With malice aforethought
24 September 2017 05:22 (South Africa)
Politics

TRAINSPOTTER: The murder of an Ordinary Member, the anointing of Thoko Didiza, and the battle for the soul of Tshwane

  • Richard Poplak
    HEADSHOT_Rich-Poplak_orange.jpg
    Richard Poplak

    Richard Poplak was born and lives in Johannesburg, South Africa. He trained as a filmmaker and fine artist at Montreal’s Concordia University and has produced and directed numerous short films, music videos and commercials. Now a full-time writer, Richard is a senior contributor at South Africa’s leading news site, Daily Maverick, and a frequent contributor to publications all over the world. He is a member of Deca Stories, the international long-form non-fiction collective.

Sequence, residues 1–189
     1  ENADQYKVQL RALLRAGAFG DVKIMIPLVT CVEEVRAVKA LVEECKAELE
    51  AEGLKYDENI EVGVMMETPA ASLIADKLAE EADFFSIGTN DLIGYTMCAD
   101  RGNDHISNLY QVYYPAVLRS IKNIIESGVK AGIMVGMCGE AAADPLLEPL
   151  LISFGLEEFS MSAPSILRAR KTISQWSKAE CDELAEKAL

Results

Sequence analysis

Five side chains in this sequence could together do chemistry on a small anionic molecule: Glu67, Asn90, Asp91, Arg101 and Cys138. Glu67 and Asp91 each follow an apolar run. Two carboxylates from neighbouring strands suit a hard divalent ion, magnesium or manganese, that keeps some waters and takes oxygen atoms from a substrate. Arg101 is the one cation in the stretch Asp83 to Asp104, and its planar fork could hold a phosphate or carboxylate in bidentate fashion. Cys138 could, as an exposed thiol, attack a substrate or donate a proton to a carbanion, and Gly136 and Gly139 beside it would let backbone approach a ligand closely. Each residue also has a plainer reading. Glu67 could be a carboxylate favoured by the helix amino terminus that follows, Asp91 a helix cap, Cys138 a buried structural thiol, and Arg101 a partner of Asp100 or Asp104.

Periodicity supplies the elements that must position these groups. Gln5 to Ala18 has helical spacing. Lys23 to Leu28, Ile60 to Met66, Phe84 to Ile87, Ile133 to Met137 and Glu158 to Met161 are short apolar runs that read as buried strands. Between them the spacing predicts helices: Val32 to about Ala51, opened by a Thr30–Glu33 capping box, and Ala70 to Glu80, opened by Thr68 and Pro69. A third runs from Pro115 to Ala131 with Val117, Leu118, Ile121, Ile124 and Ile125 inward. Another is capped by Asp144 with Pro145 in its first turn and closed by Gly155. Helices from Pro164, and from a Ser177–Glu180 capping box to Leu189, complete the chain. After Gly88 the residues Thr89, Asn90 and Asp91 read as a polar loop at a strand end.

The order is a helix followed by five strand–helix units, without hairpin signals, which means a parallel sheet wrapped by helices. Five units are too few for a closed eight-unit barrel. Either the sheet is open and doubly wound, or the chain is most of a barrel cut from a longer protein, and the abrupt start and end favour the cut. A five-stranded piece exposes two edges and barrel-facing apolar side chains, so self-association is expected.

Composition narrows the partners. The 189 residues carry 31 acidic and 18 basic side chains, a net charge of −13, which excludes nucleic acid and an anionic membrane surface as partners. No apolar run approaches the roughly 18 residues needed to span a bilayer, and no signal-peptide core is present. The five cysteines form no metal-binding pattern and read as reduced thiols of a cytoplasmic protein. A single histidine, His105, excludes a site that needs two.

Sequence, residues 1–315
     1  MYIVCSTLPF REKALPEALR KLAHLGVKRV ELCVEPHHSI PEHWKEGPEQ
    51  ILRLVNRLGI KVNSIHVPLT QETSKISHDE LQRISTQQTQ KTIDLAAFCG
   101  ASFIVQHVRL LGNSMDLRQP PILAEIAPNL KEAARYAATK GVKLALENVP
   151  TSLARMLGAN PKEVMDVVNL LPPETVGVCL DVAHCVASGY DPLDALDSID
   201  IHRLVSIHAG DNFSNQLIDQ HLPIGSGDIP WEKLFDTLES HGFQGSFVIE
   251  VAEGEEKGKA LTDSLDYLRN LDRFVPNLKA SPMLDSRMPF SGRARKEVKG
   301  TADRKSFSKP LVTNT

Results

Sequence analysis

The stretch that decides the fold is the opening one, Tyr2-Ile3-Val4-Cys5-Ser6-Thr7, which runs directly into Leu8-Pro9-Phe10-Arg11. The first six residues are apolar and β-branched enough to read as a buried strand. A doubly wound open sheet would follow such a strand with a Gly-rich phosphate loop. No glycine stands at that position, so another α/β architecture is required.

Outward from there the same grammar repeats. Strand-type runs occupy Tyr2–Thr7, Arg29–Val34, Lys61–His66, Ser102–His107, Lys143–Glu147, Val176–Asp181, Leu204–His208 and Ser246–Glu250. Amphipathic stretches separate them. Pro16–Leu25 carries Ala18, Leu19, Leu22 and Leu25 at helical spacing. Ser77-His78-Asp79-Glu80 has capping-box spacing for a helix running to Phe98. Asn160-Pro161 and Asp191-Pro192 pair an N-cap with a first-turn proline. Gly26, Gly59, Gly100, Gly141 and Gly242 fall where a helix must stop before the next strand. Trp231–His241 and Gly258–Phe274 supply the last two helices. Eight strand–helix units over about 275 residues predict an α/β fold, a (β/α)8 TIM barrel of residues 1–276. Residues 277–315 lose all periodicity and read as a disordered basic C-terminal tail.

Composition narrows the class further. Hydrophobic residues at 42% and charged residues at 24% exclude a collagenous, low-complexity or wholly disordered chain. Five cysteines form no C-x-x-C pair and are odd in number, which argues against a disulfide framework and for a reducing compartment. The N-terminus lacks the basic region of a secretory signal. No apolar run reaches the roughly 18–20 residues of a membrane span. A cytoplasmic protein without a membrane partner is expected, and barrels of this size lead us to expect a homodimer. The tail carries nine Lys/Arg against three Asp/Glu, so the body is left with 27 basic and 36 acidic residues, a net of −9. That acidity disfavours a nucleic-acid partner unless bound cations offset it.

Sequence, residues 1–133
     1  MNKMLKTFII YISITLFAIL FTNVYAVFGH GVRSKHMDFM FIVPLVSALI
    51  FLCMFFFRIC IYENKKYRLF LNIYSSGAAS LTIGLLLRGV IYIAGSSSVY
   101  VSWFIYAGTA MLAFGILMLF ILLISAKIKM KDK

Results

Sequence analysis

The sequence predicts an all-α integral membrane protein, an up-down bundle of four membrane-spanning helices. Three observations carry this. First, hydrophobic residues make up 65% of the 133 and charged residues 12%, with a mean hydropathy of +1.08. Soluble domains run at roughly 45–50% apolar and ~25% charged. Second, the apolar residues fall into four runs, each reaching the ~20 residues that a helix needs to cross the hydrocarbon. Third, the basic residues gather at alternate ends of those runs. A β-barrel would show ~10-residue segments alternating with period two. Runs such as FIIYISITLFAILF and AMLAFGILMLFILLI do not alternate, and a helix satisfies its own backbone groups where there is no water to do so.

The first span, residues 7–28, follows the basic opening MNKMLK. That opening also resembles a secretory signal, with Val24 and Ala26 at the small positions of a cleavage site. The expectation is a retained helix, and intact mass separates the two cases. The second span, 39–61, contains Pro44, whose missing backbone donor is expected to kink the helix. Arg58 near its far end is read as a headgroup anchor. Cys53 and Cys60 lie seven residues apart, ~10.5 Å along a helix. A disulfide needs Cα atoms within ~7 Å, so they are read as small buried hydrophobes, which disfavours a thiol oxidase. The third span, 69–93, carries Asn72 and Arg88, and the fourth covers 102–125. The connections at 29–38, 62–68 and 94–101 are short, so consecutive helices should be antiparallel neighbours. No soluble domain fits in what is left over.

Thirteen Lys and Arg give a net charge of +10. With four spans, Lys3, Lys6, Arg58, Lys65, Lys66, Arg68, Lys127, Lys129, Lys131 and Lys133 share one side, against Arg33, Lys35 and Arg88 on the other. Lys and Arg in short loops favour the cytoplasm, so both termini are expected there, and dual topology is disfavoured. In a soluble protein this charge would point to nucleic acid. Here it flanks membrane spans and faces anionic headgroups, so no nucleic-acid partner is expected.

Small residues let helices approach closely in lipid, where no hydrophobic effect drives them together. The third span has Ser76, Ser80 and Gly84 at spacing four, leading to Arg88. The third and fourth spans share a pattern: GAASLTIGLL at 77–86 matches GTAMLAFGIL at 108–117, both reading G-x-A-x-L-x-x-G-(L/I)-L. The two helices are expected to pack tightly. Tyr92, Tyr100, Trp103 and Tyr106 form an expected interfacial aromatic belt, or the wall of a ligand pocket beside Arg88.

His first book was the highly acclaimed Ja, No, Man: Growing Up White in Apartheid-Era South Africa (Penguin, 2007); his follow-up was entitled The Sheikh’s Batmobile: In Pursuit of American Pop-Culture in the Muslim World (Soft Skull, 2010). Poplak has also written the experimental journalistic graphic novel Kenk: A Graphic Portrait (Pop Sandbox, 2010). His election coverage from South Africa’s 2014 election, written under the nom de plume Hannibal Elector, was collected as Until Julius Comes: Adventures in the Political Jungle (Tafelberg, 2014).  Ja, No, Man was longlisted for the Alan Paton Non-Fiction prize, shortlisted for the University of Johannesburg Literary Award and voted one of the Top-10 books of 2007 by Now Magazine. Richard has won South Africa’s Media-24 Best Feature Writing Award and a National Magazine Award in Canada.